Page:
Cihan Erdost Akin | 25 November 2019
The Turkish state launched a military offensive in northern Syria on October 9, 2019. The stated purpose of the offensive was to create a “safe zone”. Turkey’s military incursion coincided with the Trump administration’s decision to withdraw U.S troops from northeastern Syria, a decision that left the Kurds, ostensibly U.S. allies, without military protection. The Turkish military offensive has been heavily criticized within the EU. Although most state agents are worried about a potential revival of the Islamic State, public protests and mass media have expressed their concerns about Turkish aggression in the form of genocide or ethnic cleansing. The following newspaper headlines and editorial statements capture the prevailing sentiment: “It is my prediction that we are witnessing the beginning of a Turkish genocide on the Kurds”, “US ending support for Kurds in Syria will lead to genocide”, “After Trump Abandoned Kurds, Turkish Invasion Raises Fear of Kurdish Genocide”. Now that the military offensive is halted, the Turkish Armed Forces (TAF) and the Turkish-backed Free Syrian Army (FSA) are accused of committing war crimes, including the execution of civilians and the use of white phosphorus, an incendiary weapon.
While these concerns are legitimate, such media representations draw an incomplete picture and are, thus, problematic. Informed by the stereotype of ‘barbaric Turks on horse-back’, these narratives create an illusion that Turkish forces will leave the region after they finish killing and pillaging. It neglects other atrocities perpetrated by the Turkish state, such as forced displacement, resettlement, and restrictions on cultural rights. In other words, these narratives are problematic because they leave out the (settler) colonial practices, policies, and narratives of the Turkish state and reduce ethnic cleansing to a solitary act of killing.
Although it has attracted the most attention, the Turkish military offensive launched on 9 October 2019 is neither the first nor the most violent. In March 2018, the Turkish Armed Forces (TAF) and FSA entered Afrin and started a de-facto occupation of the city. Sources estimate that 300.000 Kurdish residents were displaced, and more than 300 civilians were killed. The story, however, does not end there. Turkish forces confiscated 80 % of the olives in Afrin and took them to Turkey. The Minister of Agriculture told the Turkish parliament in November 2018 that 600 tons of olives had entered the country, and he justified this policy by stating that “we do not want revenues to fall into PKK (the Kurdish insurgency) hands… we want the revenues from Afrin to come to us. This region is under our hegemony”. State agents claimed that revenues from Afrin’s olives would be used to support the Arabic population— which Turkey sees as the ‘rightful owners of the land’— in the region.
In addition to the raw materials of the region, national and cultural symbols and traditions of the local Kurdish population were also targeted during the invasion of Afrin. The statue of Kawa, the blacksmith, a Kurdish hero known for starting an uprising against a tyrant, was destroyed by FSA forces in one of the squares of Afrin city. The FSA arrested several Kurdish people for celebrating the Nowruz festival, also known as ‘Persian new year’, and setting fires on its anniversary. A public park called “al-Assad Park” in the occupied areas of northern Syria was renamed, “Yunus Emre Park” after a 14th-century Turkish poet. Turkish state agents also consistently refuse to use Kurdish city names (such as Kobane) and refer to them by their Arabic names (ayn al-Arab / Spring of the Arabs).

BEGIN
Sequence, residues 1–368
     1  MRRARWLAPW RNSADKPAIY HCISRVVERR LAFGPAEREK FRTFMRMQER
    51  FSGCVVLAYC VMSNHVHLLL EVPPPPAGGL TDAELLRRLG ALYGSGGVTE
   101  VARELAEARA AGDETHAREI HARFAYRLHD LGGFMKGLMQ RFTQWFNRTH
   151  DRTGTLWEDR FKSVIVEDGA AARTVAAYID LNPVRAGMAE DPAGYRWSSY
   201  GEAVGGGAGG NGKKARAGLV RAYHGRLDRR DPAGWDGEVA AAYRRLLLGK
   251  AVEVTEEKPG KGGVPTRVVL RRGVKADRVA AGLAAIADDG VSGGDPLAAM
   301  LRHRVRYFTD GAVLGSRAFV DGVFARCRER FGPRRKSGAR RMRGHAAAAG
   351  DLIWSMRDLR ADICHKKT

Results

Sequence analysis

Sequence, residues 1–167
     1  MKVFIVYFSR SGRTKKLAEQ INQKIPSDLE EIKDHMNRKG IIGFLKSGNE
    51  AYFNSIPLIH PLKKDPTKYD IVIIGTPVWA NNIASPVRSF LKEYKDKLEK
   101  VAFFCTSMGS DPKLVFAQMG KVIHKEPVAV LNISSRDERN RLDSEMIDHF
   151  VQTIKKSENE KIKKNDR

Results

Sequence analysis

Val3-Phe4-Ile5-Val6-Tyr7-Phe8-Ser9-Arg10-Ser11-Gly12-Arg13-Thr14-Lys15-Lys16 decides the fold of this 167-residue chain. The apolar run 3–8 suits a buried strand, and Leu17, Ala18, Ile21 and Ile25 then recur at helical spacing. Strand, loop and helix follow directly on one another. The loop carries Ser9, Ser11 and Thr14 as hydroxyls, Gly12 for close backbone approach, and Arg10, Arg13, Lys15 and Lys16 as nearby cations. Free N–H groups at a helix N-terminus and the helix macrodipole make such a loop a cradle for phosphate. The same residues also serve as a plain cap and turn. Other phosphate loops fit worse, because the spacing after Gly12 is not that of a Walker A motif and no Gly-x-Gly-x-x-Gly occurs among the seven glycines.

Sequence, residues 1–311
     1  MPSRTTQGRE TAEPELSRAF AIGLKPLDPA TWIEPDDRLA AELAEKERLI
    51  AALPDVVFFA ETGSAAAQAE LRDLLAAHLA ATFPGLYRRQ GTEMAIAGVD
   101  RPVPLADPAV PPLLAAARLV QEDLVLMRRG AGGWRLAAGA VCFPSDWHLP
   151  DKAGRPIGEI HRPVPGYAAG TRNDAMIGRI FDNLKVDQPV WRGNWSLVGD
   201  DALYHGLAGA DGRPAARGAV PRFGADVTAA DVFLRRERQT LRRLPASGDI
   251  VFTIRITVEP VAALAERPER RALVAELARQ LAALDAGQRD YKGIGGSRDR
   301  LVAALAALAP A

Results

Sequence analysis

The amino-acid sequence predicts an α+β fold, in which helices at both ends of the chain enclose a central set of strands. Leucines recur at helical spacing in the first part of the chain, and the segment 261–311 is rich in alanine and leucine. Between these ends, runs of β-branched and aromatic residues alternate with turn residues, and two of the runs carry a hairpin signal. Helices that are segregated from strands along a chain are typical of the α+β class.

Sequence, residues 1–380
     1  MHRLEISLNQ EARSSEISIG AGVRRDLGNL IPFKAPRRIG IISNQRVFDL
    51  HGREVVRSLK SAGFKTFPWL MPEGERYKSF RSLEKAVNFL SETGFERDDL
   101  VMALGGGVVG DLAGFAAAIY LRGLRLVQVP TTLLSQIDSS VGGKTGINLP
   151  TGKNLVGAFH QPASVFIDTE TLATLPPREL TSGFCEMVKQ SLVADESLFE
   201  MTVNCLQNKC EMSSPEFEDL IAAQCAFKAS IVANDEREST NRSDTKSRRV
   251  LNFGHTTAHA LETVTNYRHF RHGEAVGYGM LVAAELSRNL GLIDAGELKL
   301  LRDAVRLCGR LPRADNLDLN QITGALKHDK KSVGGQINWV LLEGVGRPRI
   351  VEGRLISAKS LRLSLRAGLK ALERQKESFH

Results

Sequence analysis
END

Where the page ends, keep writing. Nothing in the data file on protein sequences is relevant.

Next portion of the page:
Bringing the discussion back to the most recent Turkish offensive, approximately 300.000 civilians have been displaced, and 120 people killed so far. Policies, practices, and narratives that target the demographics of the region can be observed here as well. Turkish President Erdogan explained one of the motivations behind the military operation as resettling 1 million Syrian refugees residing in Turkey to northern-Syria, and he promised to build 140 new villages in the region. Shelling by TAF has damaged the main water supply, affecting thousands of people who depend on it for safe drinking water in Haseke province. After this occurred, Turkish media outlets circulated visual images depicting Turkish soldiers helping to rebuild the water supply that they had damaged.
Claims of Turkish state officials about helping the locals with the olive oil revenues and (re)building houses and water supplies do not justify Turkish aggression or discredit concerns about ethnic cleansing. On the contrary, they demonstrate the colonial and biopolitical motivations and practices behind the Turkish offensive. Therefore, mobilization against Turkey solely based on the concerns of ethnic cleansing by brute force silences other atrocities perpetrated by the Turkish state, such as damaging infrastructure, forced displacement, and resettlement, and prohibiting symbols of Kurdish nationalism in public spaces. Turkey is enacting settler colonialism, and we need to start paying more attention to it.
Cihan Erdost Akin is a doctoral candidate in International Relations at Central European University (CEU). His research interests lie in the area of Critical Security Studies, ranging from gender approaches and discourse theory to death studies. Currently, Erdost is a visiting doctoral student at University of Gothenburg, funded by the Swedish Institute.